A civil war in the CAR that began in 2013, pitting numerous militias against a state on the verge of collapse, had eased considerably in recent years. But about a year ago, fighting resumed abruptly when rebels launched an offensive to overthrow President Faustin-Archange Touadera (below). 

The National:

It was after the president called on Moscow for help, that hundreds of Russian paramilitary forces helped push back the rebels, who still hold sway over swathes of the country.

Security analysts say the Russian military contractor is increasingly active in Africa, helping Moscow to expand its political influence and gain access to government revenue and natural resources. Reports of similar atrocities have also surfaced in the West African country of Mali.

According to data compiled by the NGO Armed Conflict Location and event Data Project (ACLED), as many as 456 civilians died in nine incidents involving Malian forces and Wagner between January and mid-April this year.

Ida Sawyer, crisis and conflict director at HRW, said the Russian-identified forces seemed to be operating with complete impunity.

“The failure of the Central African Republic government and its partners to forcefully denounce their abuses, and to identify and prosecute those responsible, will most likely only fuel further crimes in Africa and beyond,” Sawyer said in a statement last week. 

And so, it’s not only Ukraine it would seem where the Wagner Group are making their violent presence felt. As Russia expands its influence across Africa and the contractor is further deployed as part of that process it’s more than likely stories like that highlighted by HRW will continue to surface.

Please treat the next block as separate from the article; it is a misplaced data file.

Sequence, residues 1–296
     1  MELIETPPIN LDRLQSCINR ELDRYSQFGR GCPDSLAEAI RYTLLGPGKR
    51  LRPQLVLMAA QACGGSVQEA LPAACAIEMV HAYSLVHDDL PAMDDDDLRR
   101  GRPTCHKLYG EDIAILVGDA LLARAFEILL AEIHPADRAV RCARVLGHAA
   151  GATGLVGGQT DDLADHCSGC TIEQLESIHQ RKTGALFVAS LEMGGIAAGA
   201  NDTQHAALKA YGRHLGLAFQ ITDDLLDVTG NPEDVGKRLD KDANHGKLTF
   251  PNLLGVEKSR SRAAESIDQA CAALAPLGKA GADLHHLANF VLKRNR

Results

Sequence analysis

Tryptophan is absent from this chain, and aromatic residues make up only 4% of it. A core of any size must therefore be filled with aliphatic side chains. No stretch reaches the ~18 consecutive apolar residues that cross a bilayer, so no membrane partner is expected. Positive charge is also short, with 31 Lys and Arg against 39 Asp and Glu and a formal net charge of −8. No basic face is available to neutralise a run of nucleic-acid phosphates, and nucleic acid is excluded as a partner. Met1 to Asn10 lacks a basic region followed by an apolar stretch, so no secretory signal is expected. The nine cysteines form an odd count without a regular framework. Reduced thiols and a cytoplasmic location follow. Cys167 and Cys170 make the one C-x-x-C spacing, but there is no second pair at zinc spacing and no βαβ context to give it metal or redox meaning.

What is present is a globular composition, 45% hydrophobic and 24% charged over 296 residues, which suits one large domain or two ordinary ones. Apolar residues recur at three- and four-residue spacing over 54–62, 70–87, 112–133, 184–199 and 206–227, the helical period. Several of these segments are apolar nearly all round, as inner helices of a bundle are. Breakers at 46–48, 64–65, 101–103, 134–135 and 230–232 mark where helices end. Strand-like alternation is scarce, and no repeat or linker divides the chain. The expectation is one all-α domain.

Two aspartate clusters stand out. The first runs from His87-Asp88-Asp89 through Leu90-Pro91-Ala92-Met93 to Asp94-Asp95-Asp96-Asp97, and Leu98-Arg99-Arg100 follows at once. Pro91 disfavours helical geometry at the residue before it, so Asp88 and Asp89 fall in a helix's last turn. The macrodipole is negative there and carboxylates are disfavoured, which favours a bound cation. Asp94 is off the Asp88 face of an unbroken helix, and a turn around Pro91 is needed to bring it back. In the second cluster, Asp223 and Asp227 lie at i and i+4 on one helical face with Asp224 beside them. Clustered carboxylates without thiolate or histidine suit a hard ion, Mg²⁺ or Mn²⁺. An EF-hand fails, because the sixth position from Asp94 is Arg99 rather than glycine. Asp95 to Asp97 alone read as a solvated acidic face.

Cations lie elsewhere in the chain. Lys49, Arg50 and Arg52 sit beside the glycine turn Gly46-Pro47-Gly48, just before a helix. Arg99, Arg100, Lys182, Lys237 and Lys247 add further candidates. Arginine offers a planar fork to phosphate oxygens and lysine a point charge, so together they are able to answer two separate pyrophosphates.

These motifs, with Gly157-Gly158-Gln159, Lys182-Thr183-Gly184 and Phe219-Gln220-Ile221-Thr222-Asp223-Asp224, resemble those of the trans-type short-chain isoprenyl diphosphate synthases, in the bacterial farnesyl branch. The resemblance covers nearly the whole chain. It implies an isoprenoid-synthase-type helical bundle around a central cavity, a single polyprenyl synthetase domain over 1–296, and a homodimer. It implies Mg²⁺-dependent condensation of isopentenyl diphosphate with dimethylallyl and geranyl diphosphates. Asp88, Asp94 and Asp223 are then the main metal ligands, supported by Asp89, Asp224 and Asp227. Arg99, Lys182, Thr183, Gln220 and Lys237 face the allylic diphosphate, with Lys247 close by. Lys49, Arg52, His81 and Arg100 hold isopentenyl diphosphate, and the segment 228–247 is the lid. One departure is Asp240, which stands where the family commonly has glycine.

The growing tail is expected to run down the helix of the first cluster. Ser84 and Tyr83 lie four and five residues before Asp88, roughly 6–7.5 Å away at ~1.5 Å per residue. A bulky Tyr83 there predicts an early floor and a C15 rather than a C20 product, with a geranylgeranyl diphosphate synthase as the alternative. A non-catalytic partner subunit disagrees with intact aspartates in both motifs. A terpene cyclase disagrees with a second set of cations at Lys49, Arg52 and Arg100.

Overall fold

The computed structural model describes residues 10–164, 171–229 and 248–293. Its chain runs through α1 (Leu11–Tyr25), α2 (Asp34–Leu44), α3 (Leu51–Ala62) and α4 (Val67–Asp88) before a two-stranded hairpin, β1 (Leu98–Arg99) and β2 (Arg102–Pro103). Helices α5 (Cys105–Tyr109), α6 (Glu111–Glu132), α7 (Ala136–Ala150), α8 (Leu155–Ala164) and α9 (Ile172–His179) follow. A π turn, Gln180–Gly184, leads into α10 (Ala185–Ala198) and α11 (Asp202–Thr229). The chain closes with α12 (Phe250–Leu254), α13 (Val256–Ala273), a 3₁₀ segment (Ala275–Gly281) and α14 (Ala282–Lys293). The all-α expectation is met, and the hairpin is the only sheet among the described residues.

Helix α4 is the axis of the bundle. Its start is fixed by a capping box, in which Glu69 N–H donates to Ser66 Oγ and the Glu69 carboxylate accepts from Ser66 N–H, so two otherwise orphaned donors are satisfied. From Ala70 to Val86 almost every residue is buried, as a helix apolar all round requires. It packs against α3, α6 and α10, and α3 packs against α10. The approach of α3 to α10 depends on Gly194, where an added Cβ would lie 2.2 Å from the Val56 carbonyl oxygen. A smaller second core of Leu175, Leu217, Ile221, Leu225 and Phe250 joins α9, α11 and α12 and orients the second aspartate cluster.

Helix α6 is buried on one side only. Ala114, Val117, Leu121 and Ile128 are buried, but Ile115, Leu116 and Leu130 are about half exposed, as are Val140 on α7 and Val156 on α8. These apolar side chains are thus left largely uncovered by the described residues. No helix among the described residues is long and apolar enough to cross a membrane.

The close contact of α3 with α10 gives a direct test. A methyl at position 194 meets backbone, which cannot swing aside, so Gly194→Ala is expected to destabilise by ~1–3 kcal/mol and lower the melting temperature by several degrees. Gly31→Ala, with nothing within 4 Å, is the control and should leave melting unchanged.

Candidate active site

REGULAR readers of Four Corners will know I have something of a fascination for the Caribbean country of Haiti. It stems back to numerous visits I have made over the years to this turbulent and beleaguered nation. 

In that time, I’ve seen a president overthrown and watched as Haiti suffered one of the worst earthquakes of modern times. But rarely can this volatile, impoverished country have experienced a more torturous time than what it is currently undergoing. 

Last week two events occurred that served as stark reminders of the turmoil that grips Haiti. The first was the release of Dominican Republic diplomat Carlos Guillen who was freed after four days having been abducted by a gang in Haiti. 

The second was the extradition of the leader of one of those most feared gangs called 400 Mawozo which last year abducted a group of missionaries from the US and Canada.

“Germine Joly aka ‘Yonyon’ was extradited, aboard a special FBI plane following a request for judicial assistance issued by the US judicial authorities,” Haiti’s National Police said in a statement.

It was the 400 Mawozo gang that made global headlines last October with the kidnapping of 17 missionaries who were held for two months, and in recent weeks has clashed with a rival gang in gun battles that have forced thousands to leave their homes.

More than 1200 people, 81 of them foreign nationals, were abducted last year, according to Haiti’s Centre for Analysis and Research on Human Rights.

Right now, Haiti is a place where gangs pretty much run everything having grown in strength ever since last July’s assassination of President Jovenel Moise left a power vacuum.

Today large portions of the capital Port au Prince and much of the countryside are no longer controlled by government authorities. 

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As Jess DiPierro Obert an American freelance journalist and one of the few based in Port au Prince outlined recently in The New Humanitarian magazine, “gangs have been part of the Haitian political landscape for decades often deployed by leaders to rally support or quell opposition”. 

But observers say what is happening now in Haiti where nearly half the population is under the age of 24 is unprecedented as violence spirals.

Not surprisingly the situation has angered and frustrated many Haitians, who are demanding action from Prime Minister Ariel Henry’s administration. 

But even with international help to boost underfunded and understaffed police force the chances of curtailing

the violence look slim and Haiti’s gangs look set to rule the streets for some time to come.